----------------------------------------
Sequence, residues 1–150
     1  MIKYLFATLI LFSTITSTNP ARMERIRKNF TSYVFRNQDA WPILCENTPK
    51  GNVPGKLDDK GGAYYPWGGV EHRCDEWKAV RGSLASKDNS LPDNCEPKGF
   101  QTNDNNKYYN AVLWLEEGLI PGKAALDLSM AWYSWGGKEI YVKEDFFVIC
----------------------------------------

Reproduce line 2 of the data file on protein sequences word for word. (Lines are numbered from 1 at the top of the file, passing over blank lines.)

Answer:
     1  MIKYLFATLI LFSTITSTNP ARMERIRKNF TSYVFRNQDA WPILCENTPK